It’s very deep. We don’t know what it is, but we know it; we can experience it. You are already there, in the so-called dharma.
an unstinted love,
Everything is just like that; so you believe in this one dharma, and deal with it, and live it.
unmarred by hate within,
Internally, it’s very easy for us to create hatred or criticism. It’s very easy to be critical, particularly toward others, the outside world. And critical toward the outside is simultaneously critical toward you, because you cannot just see the world in one direction; simultaneously, the world sees you. That is the situation of your life: if you see the world, the world looks at you. There is always communication. So very naturally, if you are critical toward the object, simultaneously that is critical toward you.
I don’t mean you shouldn’t be critical; but if you want to be critical toward others or toward circumstances, I think you should be careful. In a deep sense, in terms of dharma, if you’re critical toward all sentient beings, that’s really helpful for all sentient beings.
not rousing enmity.
Hatred is really distracting the self and the object. You must be careful to deal with hatred. There is always enmity inside.
And also he says:
As you stand, or walk, or sit, or lie,
reflect with all your might on this;
this is deemed the state divine.
“As you stand, or walk, or sit, or lie, reflect with all your might on this” means even though you sleep, or stand, sit, or walk on the street, you try to practice believing in the dharma, receiving the dharma, and living the dharma. Anyway, try. This is the practice.
Devotion must be practiced in terms of two points. One is that you have to walk alone, because the dharma you believe in is the simplest expression of ultimate existence. So you have to walk alone; steadfast, not pessimistically; tranquil and positively. In this way of life, there is no excuse. When the morning comes, morning is morning. When breakfast comes, breakfast is breakfast. When winter comes, winter is winter. So you have to meet winter, and receive it, and live it, without being tossed away so much. A little tossed away is fine. [He laughs.] Because you’re a human being. If you think, “I hate winter,” that’s fine. But you should stop as soon as possible, not creating hatred again and again. Then, finally, you really appreciate winter. That is our practice. No excuse, and no commentary. That is one point.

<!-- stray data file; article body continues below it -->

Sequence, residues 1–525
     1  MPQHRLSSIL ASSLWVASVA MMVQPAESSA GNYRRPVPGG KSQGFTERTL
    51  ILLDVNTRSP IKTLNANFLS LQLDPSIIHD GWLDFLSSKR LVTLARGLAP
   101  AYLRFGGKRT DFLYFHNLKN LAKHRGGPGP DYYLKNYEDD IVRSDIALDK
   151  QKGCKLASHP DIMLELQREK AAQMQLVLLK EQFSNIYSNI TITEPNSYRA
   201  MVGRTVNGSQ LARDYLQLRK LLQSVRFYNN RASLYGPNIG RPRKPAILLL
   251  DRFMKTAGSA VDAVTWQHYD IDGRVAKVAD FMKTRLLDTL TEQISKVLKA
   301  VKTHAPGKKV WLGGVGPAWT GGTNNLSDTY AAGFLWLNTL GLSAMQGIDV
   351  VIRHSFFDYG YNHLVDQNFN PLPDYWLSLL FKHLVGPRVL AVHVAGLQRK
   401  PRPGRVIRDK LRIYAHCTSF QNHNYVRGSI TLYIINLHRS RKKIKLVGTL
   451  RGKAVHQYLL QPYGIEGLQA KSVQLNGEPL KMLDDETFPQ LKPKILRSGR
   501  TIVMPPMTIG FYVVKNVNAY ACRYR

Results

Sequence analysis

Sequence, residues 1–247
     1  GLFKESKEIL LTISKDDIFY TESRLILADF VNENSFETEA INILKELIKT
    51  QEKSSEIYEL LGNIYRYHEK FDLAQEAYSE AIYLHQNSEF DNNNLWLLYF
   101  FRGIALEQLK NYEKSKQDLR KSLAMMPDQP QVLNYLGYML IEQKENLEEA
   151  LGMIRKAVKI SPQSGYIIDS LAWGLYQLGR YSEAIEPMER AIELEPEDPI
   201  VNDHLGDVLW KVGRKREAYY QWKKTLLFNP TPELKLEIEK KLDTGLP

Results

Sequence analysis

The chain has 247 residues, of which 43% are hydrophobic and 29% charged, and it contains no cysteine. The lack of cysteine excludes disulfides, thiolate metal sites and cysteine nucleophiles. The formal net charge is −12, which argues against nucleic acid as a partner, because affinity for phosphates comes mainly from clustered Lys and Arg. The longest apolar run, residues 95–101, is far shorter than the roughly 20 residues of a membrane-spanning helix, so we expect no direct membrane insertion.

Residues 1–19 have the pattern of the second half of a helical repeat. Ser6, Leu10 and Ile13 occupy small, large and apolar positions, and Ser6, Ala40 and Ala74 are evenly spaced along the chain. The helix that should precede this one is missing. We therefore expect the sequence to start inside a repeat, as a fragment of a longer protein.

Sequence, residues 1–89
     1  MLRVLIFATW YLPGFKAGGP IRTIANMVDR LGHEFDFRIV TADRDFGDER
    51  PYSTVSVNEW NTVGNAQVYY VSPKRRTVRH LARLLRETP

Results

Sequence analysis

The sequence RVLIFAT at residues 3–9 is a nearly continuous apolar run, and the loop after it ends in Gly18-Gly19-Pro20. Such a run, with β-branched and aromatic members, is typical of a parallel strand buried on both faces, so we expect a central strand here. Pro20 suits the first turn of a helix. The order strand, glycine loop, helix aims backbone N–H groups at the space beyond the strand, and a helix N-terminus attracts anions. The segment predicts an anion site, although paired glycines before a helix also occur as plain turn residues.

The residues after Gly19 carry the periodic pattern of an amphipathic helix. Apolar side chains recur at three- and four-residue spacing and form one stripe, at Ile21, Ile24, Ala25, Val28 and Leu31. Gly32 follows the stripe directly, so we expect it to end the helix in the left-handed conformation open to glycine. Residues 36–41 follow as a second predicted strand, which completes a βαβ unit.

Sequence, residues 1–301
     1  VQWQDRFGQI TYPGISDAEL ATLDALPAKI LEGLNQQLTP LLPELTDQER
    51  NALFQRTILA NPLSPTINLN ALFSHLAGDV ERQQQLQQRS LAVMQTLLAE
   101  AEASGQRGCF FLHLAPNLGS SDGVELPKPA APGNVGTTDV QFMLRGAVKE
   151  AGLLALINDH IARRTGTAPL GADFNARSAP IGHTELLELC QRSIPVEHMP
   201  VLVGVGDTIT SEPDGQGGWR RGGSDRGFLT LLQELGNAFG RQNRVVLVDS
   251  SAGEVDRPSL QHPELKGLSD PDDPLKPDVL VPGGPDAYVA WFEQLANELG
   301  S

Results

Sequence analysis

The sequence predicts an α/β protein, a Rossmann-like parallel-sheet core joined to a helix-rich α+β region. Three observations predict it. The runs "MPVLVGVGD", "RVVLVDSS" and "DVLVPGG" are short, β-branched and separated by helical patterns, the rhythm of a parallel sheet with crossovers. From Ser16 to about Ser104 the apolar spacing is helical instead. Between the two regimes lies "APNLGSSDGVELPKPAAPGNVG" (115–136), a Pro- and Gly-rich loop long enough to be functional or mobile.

The other point is that devotion must be compassionate, open to everything. You must practice benevolence, compassion, and sympathy, and that practice must be going in all aspects of your life: sleeping, walking, thinking, whatever you may be doing. Under all circumstances, we have to practice it.
So, devotion is that you have to return to the dharma which is the simplest expression of ultimate existence, and then this dharma must be alive in your life because you deal with it. You have to receive it, and deal with it, and live in it. So you must be simple. That is belief in the dharma: you are a very simple human being that is walking alone. Simultaneously, you are very compassionate, open-hearted. Open-hearted means not to be much tossed away by blame or by praise. This is devotion. Under all circumstances, from the beginning to end, you should devote to dharma.
But as long as you live in the human world, many things occur, as you know pretty well. Not only good things; sometimes bad, or more than bad. There are many things which leave you in bewilderment. At that time, most people quit devoting to dharma, or they have doubts about the truth, about the dharma mentioned by Buddhas and ancestors. Whether you quit or continue depends on you; that’s fine. But if you quit, you never know something deeply; because if you go and change ways, and then get something else, you become a beginner again. So the practice of devotion is to go deeply, from the beginning to the end. Go deeply under all circumstances, and then through the dharma you can see what human beings are. And the human beings which you have tasted through the dharma can show what the dharma is. That’s why Buddha says, “If you see me, you can see dharma; if you see the dharma, you can see me.” This is important for us.